When doing unit tests, you shouldn't use the container at all. Just create the class under test by calling its constructor and supplying it with the proper mock objects.
For integration tests it's much more common to use the container, and swap a few dependencies of the container. Still, those integration tests will not use the container that you created in your application_start, but each integration test will in that case most likely have its own new container instance, since each test should run in isolation. And even if you did use a single container from application_start, your integration tests are ran from a separate project and won't interfere with your running application.
Although each integration test should get its own container instance (if any) you still want to reuse as much of the container configuration code as possible. This can be done by extractng this code to a method that either returns a new configured container instance when called, or configure a supplied container instance (and return nothing). This method should typically do an incomplete configuration and the caller (either your tests or global asax) should add the missing configurations.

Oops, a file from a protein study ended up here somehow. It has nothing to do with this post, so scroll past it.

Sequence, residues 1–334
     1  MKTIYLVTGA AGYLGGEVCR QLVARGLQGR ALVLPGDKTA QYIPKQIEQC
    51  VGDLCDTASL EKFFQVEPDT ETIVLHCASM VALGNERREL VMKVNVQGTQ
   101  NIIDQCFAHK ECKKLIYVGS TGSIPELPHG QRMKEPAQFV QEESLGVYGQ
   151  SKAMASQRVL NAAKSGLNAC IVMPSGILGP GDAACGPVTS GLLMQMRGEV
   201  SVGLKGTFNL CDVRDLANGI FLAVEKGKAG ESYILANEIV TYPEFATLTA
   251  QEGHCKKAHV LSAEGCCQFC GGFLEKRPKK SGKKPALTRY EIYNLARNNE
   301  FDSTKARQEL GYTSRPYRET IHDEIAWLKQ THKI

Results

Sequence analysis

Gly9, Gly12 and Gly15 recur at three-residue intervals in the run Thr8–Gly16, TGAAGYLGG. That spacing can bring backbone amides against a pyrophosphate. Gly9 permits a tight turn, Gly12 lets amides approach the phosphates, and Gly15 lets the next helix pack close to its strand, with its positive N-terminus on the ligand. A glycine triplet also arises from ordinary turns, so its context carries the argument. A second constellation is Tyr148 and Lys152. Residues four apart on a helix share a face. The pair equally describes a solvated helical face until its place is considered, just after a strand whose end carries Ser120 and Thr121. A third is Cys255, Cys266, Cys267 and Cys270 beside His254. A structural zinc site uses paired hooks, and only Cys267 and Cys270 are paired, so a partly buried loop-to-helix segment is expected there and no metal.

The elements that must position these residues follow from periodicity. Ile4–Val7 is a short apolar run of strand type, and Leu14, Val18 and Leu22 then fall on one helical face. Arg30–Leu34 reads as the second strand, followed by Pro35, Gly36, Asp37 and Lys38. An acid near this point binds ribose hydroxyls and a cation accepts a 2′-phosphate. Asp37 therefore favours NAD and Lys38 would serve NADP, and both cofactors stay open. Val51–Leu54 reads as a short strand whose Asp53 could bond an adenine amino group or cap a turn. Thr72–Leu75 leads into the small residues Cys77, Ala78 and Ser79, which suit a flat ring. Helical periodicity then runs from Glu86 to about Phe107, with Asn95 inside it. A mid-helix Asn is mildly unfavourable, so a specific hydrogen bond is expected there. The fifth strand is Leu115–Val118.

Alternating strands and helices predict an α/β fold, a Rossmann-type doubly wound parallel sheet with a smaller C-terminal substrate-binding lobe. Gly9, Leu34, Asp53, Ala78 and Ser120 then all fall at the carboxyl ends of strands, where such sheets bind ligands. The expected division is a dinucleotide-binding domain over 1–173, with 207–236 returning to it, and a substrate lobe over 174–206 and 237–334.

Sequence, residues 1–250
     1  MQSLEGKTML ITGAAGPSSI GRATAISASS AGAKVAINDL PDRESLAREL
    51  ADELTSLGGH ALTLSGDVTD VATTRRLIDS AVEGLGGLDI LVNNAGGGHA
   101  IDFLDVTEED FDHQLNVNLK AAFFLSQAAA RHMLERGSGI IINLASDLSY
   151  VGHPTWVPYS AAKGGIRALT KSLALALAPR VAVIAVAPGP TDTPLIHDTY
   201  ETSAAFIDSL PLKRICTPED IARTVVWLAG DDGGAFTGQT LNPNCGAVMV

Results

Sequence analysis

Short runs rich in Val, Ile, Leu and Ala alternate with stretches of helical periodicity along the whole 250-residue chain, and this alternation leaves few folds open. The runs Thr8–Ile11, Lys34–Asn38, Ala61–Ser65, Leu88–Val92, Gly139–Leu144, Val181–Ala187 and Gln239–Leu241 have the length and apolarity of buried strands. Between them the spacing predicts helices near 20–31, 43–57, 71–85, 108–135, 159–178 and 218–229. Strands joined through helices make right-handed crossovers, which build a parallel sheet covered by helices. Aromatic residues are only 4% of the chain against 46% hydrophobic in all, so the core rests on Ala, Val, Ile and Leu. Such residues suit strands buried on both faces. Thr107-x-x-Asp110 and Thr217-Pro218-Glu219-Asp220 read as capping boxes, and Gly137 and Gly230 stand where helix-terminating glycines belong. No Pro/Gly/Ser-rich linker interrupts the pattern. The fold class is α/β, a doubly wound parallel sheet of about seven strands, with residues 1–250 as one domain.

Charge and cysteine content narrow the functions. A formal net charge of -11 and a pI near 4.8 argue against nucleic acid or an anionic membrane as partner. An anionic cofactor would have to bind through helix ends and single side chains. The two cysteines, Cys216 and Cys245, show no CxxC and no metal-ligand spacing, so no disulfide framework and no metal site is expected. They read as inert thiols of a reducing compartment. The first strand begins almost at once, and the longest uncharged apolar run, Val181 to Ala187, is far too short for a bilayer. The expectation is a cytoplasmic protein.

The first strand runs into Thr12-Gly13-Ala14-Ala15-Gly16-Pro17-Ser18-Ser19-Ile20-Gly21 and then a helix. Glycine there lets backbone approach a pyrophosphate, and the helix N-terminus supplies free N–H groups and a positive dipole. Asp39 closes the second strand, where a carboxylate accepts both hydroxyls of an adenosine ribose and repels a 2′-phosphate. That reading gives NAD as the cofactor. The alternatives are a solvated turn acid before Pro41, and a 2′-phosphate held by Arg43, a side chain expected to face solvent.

Extracting this code: allows you to have multiple end application that partly share the same configuration; allows you to verify the container in an integration test; and allows you to add services that need to be mocked by your integration tests.
To make life easier, Simple Injector allows you to replace existing registrations with new one (for instance a mocked one). You can enable this as follows:
container.Options.AllowOverridingRegistrstions = true;
But be careful with this! This option can hide the fact that you accidentally override a registration. In my experience it is in most cases much better to build up an incomplete container and add the missing registrations afterwards instead of overriding them. Or if you decide to override, enable the feature at the last possible moment to prevent any accidental misconfigurstions.